Flying a fighter jet at Mach 2 has got to be a pretty exciting and memorable experience. The idea of carving a path through open skies, arcing through clouds and skimming mountain tops all seems extremely exciting and, amazingly, Warhawk seems to got a considerable way towards capturing that sort of magic. I suspect genuine pilots would disagree but, that aside, there's something special about flying in Warhawk. You can take to the skies in highly-manoeuvrable, well-armed, boost-powered doomcraft in the form of a Warhawk or Nemesis, depending on the side you fight for, and unleash special amounts of craziness on your enemies. That's the main feature of Warhawk. It's all about combat and mayhem, and it's flippin' good fun.


There's no real plot to speak of, other than the involvement of two groups, each clearly intent on the total annihilation of the other. Beyond that, it's down to you and up to 31 other players to battle it out online in large arenas, competing in the usual selection of modes, including team deathmatch, capture the flag and zones. As you enter a game though, there's never a single path to take, required to achieve success. If you wish to take to the skies and battle for air supremacy, clearing a path for your team to escape with a flag, that's fine, but equally you could choose to stick to the ground, using tanks, jeeps, turrets and other weaponry to help you out. The choice goes much further though, since you could choose to run straight for the enemy flag, provide cover for another flag carrier, protect your own base or simply work your way around the map gaining control of strategic locations from which to launch further assaults. The variety of tactical play that results leads to incredible replayability in the matches. Each ranked match lasts a maximum of 30 minutes, and you can guarantee that no 30-minute battle will ever be the same as another.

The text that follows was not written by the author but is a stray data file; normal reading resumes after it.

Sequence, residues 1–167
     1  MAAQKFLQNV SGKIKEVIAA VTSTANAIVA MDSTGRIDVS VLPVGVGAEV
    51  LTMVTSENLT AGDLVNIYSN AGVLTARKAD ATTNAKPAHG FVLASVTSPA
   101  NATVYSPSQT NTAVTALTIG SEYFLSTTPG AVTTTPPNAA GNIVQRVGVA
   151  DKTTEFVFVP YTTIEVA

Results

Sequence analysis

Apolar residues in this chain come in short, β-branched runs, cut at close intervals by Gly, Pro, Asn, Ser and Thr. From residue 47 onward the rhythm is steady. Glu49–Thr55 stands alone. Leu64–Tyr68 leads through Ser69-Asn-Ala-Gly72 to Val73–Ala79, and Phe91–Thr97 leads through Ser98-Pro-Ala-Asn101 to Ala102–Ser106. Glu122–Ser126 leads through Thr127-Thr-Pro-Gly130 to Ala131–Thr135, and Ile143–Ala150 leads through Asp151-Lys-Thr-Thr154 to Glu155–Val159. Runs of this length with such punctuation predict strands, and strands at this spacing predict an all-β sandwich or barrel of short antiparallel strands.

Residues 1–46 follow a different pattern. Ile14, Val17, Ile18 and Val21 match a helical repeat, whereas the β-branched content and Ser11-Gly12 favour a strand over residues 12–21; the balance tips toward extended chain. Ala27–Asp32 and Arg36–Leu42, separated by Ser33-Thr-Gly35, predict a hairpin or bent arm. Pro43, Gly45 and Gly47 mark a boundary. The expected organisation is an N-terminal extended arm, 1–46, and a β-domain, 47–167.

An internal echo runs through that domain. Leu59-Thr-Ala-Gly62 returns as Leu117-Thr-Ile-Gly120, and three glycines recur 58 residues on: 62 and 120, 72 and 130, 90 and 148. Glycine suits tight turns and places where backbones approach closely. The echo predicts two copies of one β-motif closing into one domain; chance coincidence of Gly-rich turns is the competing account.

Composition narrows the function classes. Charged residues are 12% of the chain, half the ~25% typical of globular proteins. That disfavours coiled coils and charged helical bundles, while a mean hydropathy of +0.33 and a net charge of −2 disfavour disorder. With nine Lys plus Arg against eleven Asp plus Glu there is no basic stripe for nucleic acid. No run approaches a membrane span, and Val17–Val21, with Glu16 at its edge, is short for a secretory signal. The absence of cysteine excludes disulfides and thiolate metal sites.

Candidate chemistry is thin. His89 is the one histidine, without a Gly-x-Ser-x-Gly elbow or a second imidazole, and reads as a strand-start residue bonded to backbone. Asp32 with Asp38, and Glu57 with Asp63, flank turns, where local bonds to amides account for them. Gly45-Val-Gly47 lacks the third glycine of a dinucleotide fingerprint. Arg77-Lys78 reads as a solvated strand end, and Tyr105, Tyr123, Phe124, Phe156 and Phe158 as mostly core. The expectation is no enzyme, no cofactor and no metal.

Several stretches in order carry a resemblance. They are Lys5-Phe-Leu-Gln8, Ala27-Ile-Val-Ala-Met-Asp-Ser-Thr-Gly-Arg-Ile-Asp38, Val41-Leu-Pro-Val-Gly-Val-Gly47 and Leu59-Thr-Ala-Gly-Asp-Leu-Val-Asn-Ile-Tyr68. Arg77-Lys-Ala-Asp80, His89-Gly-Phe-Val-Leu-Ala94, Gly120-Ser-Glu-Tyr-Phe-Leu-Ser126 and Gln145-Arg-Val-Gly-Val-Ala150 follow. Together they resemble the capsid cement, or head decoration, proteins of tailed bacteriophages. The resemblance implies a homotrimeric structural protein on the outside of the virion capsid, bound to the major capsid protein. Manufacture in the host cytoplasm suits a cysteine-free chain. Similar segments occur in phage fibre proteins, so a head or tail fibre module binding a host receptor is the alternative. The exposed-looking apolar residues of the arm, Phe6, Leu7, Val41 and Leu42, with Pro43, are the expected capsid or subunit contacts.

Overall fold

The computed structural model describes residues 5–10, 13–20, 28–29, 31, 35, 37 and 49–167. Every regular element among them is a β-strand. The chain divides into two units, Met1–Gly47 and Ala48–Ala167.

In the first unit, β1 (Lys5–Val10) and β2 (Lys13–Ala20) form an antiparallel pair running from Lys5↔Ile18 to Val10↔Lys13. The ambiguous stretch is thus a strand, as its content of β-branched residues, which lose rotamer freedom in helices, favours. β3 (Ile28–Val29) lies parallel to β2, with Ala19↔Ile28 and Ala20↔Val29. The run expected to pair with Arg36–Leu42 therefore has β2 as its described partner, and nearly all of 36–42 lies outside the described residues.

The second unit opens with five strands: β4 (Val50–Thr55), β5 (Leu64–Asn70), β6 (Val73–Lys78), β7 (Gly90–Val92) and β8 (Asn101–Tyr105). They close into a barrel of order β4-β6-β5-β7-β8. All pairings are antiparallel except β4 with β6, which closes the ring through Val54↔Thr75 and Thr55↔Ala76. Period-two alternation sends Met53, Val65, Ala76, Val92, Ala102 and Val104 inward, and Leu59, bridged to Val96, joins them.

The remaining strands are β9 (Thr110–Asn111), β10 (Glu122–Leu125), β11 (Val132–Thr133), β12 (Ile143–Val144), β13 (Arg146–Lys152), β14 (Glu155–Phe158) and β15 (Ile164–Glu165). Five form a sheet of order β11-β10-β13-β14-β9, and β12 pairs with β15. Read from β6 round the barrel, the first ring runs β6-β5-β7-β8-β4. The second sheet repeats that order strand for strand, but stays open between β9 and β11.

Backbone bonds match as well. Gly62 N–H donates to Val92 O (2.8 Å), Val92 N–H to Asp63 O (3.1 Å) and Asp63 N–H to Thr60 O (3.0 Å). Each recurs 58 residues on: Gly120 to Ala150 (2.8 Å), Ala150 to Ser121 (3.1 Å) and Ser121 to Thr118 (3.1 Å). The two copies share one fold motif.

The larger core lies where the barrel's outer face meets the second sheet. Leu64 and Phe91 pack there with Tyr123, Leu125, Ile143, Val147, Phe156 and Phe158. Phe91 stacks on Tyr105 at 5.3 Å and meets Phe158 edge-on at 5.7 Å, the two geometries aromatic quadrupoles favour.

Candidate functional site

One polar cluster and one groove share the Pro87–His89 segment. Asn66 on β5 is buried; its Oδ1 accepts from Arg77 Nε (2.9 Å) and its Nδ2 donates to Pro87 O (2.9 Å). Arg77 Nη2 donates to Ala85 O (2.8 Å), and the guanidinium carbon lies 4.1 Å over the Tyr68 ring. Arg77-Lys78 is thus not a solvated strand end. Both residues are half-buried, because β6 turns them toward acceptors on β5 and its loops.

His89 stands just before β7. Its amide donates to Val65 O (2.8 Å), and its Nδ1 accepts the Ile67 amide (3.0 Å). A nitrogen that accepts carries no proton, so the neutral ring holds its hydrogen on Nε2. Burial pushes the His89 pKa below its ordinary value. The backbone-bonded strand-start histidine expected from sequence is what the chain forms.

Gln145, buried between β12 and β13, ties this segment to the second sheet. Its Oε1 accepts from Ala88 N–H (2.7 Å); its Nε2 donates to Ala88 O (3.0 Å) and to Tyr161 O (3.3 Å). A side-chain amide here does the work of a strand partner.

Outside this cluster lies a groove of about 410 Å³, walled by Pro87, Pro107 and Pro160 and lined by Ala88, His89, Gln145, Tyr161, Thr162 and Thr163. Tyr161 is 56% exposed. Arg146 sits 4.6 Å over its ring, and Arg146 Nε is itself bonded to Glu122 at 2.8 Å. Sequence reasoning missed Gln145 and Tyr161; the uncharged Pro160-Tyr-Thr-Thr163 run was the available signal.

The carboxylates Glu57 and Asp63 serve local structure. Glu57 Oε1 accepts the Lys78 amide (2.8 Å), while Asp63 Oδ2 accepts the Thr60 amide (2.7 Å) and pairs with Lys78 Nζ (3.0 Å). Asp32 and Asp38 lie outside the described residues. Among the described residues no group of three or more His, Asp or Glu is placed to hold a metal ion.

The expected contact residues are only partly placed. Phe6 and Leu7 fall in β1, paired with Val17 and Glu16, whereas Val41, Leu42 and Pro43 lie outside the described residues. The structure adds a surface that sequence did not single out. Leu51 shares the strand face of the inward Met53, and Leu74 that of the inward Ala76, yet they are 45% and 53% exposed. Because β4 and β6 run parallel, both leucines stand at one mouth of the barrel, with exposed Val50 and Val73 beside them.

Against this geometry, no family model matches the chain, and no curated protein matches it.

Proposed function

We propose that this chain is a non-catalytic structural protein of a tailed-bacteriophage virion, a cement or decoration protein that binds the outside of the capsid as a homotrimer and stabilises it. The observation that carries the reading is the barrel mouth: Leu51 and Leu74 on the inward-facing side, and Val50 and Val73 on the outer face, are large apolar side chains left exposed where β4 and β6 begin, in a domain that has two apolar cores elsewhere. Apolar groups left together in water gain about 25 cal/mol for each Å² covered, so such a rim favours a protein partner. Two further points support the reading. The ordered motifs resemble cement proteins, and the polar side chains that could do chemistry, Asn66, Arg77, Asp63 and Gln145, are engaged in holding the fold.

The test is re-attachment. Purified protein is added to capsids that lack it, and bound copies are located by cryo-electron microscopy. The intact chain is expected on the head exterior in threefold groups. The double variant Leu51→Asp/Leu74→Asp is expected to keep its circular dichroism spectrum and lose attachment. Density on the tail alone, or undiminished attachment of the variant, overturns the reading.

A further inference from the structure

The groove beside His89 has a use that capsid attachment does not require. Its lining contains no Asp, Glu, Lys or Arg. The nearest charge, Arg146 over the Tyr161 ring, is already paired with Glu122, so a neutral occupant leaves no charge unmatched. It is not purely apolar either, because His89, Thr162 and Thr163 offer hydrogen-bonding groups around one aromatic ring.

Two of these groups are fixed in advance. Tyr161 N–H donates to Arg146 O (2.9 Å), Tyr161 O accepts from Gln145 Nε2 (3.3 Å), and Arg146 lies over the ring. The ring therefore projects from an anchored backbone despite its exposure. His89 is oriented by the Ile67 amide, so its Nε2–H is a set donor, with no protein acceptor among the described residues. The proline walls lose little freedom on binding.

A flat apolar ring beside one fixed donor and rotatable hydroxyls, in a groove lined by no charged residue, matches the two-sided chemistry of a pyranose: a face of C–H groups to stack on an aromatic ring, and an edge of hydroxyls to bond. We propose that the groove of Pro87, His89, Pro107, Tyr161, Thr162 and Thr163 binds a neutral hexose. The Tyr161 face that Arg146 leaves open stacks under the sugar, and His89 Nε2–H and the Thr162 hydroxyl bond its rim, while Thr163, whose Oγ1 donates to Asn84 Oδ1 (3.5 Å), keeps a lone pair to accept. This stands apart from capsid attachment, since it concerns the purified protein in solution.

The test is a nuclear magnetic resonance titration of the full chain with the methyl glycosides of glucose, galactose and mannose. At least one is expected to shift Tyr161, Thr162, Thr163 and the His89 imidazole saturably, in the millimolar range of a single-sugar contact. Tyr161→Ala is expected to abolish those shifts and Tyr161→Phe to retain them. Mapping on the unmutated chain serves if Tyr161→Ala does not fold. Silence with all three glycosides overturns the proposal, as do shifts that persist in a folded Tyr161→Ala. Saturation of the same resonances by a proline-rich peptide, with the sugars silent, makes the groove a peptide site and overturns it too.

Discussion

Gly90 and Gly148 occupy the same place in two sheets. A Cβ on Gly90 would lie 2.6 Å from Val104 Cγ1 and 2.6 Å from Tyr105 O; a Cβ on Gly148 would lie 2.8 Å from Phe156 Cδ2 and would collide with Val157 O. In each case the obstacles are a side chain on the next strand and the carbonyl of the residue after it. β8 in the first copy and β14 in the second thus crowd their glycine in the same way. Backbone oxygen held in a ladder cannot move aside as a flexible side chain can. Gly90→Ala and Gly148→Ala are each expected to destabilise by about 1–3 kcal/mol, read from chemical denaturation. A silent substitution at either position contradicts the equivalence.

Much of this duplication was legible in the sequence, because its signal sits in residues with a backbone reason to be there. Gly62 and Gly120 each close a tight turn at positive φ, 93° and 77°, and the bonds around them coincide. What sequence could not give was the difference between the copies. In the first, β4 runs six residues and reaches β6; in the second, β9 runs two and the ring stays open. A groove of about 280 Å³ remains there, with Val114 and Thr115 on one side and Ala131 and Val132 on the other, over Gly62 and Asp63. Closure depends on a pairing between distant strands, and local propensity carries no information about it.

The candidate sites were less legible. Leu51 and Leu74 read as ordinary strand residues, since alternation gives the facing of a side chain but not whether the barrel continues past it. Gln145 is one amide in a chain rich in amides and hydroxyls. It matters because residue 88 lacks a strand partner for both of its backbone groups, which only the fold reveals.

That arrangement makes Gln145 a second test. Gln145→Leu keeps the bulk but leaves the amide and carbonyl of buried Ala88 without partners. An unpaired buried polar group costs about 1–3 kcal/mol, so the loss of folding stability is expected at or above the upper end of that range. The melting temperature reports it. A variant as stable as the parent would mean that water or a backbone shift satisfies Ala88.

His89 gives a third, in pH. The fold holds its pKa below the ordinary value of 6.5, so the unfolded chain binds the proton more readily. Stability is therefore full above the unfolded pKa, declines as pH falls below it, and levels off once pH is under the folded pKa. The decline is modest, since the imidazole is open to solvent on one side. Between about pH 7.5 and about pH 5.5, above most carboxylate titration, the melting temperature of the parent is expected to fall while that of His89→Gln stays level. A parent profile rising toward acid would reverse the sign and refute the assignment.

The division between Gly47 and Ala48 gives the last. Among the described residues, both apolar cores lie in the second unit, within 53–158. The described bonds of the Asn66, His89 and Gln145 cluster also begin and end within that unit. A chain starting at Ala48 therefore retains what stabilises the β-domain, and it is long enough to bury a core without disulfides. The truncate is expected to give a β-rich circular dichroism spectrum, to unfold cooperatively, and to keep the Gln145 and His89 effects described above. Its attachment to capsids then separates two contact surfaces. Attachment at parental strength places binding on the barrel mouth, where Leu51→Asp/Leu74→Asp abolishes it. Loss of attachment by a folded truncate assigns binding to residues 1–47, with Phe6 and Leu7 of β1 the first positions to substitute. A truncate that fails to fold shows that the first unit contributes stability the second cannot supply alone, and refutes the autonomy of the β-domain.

The game's controls play a huge part if any tactical play is to be entered into. Piloting an aircraft in the game is, at first, complicated, and with good reason. The downside, of course, is that new pilots in the game can be swiftly put off. The controls contribute significantly to the learning curve, as a result. Putting the focus on aircraft (since ground-based activities are generally simpler in this game), there are two modes of operation: hover and free-flight. The latter is significantly faster, and each mode is quite different, especially in control setup. Any complaint levelled at the controls soon disappears though, particularly if you spend time trying to think of an alternate configuration. The truth is that, it takes a while to master, but the controls work brilliantly and, after practice, allow you to charge through the skies and engage in exciting dogfights. If the controls were to be toned down, then the aerial experience would be nowhere near as satisfying. Of course, being an online game, you can always guarantee that somebody will be an aerial wizard, so it can be a stressful experience initially, but it can be overcome quickly with experience.


If you've got the hang of flying around, that's an excellent start, but that's only half the puzzle. There are then primary (machine guns in the case of a Warhawk) and secondary weapons to choose from that can be used for both defence and offence. For example, the range of weaponry includes cloaks, to evade enemies, mines to get rid of pursuing craft, homing missiles, swarm missiles, electric attacks and more. A favourite weapon is actually a remote-control missile (called a TOW missile) that allows you to fire the weapon and, leaving your ship temporarily exposed, pilot the missile towards the intended target. Against ground targets, the weapon is particularly effective, especially since it can destroy a tank or turret, but things are kept balanced since your craft is exposed in your absence. That's the key thing with the weaponry in Warhawk and the vehicles involved. Whether you're in a tank, on foot, in a turret or in an aircraft, there is always somebody you could take out, and always somebody that could take you out. There's no safe or precarious position, the balance is perfect. In the sky, you might get plucked out of the air by a powerful turret, but the soldier in the turret is a stationary target for a TOW missile.